The importance of culture

Books are symbols of education and therefore of civilisation. Cathy takes her ‘nicest books’ and reads to Linton. By doing so she is taking some of the civilisation of Thrushcross Grange to Wuthering Heights. Lockwood later seeks to establish a link with Cathy by appealing to their shared ‘civilised’ appreciation of text:

'No books!' I exclaimed. 'How do you contrive to live here without them? if I may take the liberty to inquire. Though provided with a large library, I'm frequently very dull at the Grange; take my books away, and I should be desperate!'

'I was always reading, when I had them,' said Catherine (Chapter 31)

The key to Hareton’s growth is that he wants to read. Although Cathy’s scorn of his clumsy efforts to read provokes him to hurl his texts into the fire, Lockwood comments:

I read in his countenance what anguish it was to offer that sacrifice to spleen. I fancied that as they consumed, he recalled the pleasure they had already imparted, and the triumph and ever-increasing pleasure he had anticipated from them;

It is his renewed efforts to engage with the culture represented by text, and Cathy’s willingness to lead him into her world in Chapter 32, that marks Hareton out for the gentlemen he has always had the potential to be. Heathcliff’s attempt to reject that culture for his ward (by destroying Cathy’s books) is defeated.

Comfort and escape

Books can also be representative of escape and comfort. Isabella reads romantic fiction and then romanticises her feelings for Heathcliff. As Catherine lies dying, Edgar escapes to his library and reads. Once Cathy is isolated within the Heights, books are her only solace. Seeing this as an incursion into his dominion of the Heights, Heathcliff actively destroys the volumes (Chapter 31), although he has never shown much interest in books previously, perhaps tolerating them because they were precious to Catherine.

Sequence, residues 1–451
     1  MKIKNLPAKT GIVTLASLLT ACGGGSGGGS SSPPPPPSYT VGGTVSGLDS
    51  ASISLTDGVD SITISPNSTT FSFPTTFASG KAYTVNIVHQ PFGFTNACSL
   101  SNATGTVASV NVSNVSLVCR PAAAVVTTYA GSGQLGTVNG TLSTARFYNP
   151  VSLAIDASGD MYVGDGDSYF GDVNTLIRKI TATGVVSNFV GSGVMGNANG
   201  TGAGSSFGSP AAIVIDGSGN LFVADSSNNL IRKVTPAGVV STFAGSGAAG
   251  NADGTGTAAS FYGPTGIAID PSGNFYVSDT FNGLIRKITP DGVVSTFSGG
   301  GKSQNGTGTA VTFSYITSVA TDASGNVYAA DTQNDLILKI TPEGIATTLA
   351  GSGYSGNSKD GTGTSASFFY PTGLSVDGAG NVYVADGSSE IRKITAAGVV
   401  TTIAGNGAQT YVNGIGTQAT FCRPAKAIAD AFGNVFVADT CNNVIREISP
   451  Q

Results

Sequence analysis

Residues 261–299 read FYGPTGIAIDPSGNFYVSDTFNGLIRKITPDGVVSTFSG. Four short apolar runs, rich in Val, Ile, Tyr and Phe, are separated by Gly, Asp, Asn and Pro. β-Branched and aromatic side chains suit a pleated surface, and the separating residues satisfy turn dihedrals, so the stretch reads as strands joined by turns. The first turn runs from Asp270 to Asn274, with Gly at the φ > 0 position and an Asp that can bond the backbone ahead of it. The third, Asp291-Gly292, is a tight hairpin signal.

However, when Lockwood attempts to use books as a means of securing the window in order to block Catherine’s ghost (Chapter 3), they prove to be an ineffectual barrier. Books cannot displace the reality of violence, which all the female characters of the novel discover to their cost.

The power of story-telling

In Wuthering Heights, texts tell an ‘official’ story but are also receptacles of ‘unofficial’ stories. Catherine seems to write in her books more than read them. As Lockwood discovers in Chapter 3, ‘scarcely one chapter had escaped, a pen-and-ink commentary’, indicating that Catherine is an active creator rather than a receiver of others’ tales. (It also reflects the huge cost of paper during the period of the French wars at the end of the eighteenth century – it was a luxury item few could afford.)

Lockwood’s discovery of these books starts his interest in the ‘real-life story’ of Wuthering Heights. Catherine’s marginalia stands as a metaphor for Brontë’s own power as a novelist to compel our attention.

Both Catherine and her daughter use writing as an assertion of power in the face of powerlessness. Cathy longs to tell her story to Nelly once trapped at the Heights:

'You must tell her,' she continued, 'that I would answer her letter, but I have no materials for writing: not even a book from which I might tear a leaf.'

This is because both Heathcliff and Hareton have taken actions to destroy books. Yet ultimately, though books are physically destructible, Brontë suggests that the power of texts and the transformative stories they contain will triumph.

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